Unfortunately, all Porter’s rifles suffered from the same serious drawback – the drum of some of the chambers was directed directly at the shooter’s face and hands. In the case of “chain fire” (and it was possible on this rifle because of the caps loosely put on the brand tubes), the Porter rifle could fire its .44 caliber bullets in all directions. What happened to lead to serious injury to the shooter.
And after Samuel Colt spread the rumor that Colonel Porter had died in such an incident, his rifle was immediately stopped being bought.
Alexander Hall rifle
Alexander Hall rifle
Hall’s rifle shop
Just as original and just as impractical was the smoothbore drumgun, developed by gunsmith Alexander Hall of New York in 1855-1857.
With a relatively small .38 caliber, it was distinguished by the fact that its drum magazine held as many as 15 charges.
The shooter could unlock the drum using a lever located under the trigger guard in front of the trigger. Then he rotated it by hand to set the loaded chamber against the barrel.
The same lever activates the built-in hidden trigger, and the rear trigger is used to fire the shot. To reload the magazine, it had to be removed entirely.
The barrel was 30 inches long with no grooves.
North and Skinner system
Revolving rifle “North and Savage”, also known as “North and Skinner” revolving rifle with an underbarrel lever for tightly driving bullets into the drum
And it so happened that in 1852 Henry S. North and Chauncey D. Skinner of Middletown, Connecticut received a patent for a revolver with a forced rotation of the drum.
Unlike the Colt patent, the North and Skinner system uses a lever for this, which simultaneously acts as a trigger guard. When the shooter lowers the lever, the cylinder rotates and at the same time the hammer is cocked.
The fun begins, however, when the lever returns to its original position. In this case, a metal wedge in the form of a U-shaped plate enters the space behind the drum, and pushes it forward towards the barrel, on which the chamber located opposite it is put on. Thus, a “gas seal” was created, which protected the shooter from the breakthrough of gases and “chain fire”.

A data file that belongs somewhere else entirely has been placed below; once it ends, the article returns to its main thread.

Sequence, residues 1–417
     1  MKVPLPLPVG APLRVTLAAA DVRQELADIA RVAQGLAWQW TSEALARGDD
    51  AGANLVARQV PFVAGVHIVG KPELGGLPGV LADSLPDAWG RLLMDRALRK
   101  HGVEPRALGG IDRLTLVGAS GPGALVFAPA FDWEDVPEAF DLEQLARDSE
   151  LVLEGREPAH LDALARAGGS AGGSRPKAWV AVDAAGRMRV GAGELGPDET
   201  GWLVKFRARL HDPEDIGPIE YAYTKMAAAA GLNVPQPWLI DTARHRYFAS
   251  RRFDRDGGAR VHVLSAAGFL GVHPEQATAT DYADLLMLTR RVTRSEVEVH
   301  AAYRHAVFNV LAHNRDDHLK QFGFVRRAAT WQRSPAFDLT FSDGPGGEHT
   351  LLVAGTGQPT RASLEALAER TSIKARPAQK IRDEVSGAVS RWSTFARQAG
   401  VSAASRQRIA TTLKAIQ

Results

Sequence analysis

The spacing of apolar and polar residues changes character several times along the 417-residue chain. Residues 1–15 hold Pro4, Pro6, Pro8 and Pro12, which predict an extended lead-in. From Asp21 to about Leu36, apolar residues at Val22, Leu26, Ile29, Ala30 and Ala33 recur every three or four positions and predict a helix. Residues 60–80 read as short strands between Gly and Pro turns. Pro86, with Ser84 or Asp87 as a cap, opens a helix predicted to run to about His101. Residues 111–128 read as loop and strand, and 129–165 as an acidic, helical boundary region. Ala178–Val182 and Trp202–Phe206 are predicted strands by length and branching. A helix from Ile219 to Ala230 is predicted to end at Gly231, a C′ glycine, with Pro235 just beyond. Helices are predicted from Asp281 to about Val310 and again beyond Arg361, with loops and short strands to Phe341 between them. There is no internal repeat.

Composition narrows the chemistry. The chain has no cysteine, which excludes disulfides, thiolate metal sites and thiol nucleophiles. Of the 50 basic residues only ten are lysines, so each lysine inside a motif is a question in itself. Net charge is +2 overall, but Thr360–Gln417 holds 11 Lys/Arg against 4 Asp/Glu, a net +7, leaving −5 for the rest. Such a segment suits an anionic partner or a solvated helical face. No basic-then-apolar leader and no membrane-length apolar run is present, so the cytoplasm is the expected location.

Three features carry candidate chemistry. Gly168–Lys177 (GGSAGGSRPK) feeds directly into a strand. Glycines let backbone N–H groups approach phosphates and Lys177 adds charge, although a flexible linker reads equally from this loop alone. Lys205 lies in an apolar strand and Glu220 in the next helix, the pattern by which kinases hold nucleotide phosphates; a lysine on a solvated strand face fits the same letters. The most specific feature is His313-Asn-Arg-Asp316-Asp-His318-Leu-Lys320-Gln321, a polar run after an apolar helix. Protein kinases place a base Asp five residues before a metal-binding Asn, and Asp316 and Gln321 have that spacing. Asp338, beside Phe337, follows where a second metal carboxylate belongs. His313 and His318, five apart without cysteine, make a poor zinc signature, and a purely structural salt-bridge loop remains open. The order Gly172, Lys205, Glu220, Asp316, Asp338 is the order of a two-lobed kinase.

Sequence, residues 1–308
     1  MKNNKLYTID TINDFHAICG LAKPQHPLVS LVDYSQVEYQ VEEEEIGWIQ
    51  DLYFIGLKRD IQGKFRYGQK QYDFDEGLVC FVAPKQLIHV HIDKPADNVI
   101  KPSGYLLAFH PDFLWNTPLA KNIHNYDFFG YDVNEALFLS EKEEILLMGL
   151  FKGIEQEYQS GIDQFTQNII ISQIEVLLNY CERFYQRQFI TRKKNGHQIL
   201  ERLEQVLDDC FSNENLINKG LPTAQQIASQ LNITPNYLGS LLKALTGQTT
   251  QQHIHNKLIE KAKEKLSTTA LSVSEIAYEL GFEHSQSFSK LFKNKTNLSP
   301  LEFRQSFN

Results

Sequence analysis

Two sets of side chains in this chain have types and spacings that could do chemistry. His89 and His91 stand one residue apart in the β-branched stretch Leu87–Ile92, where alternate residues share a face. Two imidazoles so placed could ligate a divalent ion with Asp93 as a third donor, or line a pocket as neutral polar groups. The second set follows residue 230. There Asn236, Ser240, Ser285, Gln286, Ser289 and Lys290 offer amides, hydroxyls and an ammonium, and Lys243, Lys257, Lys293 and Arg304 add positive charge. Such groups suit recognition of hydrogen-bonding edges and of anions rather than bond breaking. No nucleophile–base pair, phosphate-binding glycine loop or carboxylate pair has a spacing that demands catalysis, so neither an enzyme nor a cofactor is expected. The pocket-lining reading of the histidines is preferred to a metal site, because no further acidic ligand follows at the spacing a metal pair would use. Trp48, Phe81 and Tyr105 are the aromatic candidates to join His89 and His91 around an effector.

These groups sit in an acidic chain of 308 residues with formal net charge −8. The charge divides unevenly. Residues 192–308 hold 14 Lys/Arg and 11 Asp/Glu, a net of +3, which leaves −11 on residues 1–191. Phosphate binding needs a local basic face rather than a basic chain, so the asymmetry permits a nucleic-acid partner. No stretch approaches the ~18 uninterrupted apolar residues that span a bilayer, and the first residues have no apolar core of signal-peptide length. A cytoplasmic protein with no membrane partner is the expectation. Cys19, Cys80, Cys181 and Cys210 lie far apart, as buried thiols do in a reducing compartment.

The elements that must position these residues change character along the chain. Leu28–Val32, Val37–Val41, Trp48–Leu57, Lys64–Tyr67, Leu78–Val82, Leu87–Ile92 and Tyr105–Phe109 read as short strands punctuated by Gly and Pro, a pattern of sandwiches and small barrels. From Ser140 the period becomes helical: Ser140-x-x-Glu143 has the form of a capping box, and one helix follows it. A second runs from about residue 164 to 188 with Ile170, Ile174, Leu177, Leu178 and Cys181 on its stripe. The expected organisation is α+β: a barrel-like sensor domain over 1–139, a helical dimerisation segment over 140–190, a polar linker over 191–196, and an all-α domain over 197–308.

A few years later, Henry North began production of a rifle under his patent with Skinner.
And then, working with a Middletown gunsmith named Edward Savage, he produced about five hundred of these unusual “lever action revolvers.” In addition, the North and Savage enterprise they created has produced more than a hundred different variants of the 0.60 caliber rifle.
North & Skinner in the process of loading. A vertical wedge with a beveled top is clearly visible, pressing the drum to the barrel
The rifle was a worthy competitor to the 1855 Colt model. And she practically had no problems with “chain fire” and rupture of cylinders.
Unfortunately, its large hammer was located too high, which made it not very convenient for the shooter to aim.
The rifle also lacks a forend. Because of what it was difficult to hold it in your hands.
Morris and Brown carbine
Morris and Brown carbine
In 1860-1862. in the United States, another “revolving carbine” of .44 caliber appeared. Six-shooter, chambered for side fire.
It was developed in 1860 by V.Kh. Morris and K. Brown, and was named by Scientific American magazine “one of the most remarkable novelties of our time.”
Outwardly, it has a very characteristic look and is no longer similar to any other carbines and rifles.
It seems to be a drum carbine, but inside it, instead of a drum, there is a “funnel-shaped breech”, in which there are “six branches of the barrel”. After inserting cartridges into them and closing the bolt, the shooter cocked the inner drummer by pulling the ring lever behind the trigger.
When fired from a gun, each bullet was directed along its own “branch” into the main barrel. Well, the powder gases were retained at the same time inside the remaining barrels of the cone. That is, the cloud of smoke when fired from this carbine was minimal.
When the ring lever is pressed again, the striker rotates to the next chamber. (Since the magazine itself does not rotate in this case, it would be more correct to say that Morris and Brown is not a revolver).
Once all the chambers are unloaded, all the casings from the barrels are simultaneously pulled out using an ingenious extraction mechanism.
Diagram of the Morris and Brown carbine
Only about fifty Morris & Brown carbines were produced.
The fact is that, as expected, the transition from six barrels to one barrel quickly collapsed due to very high friction.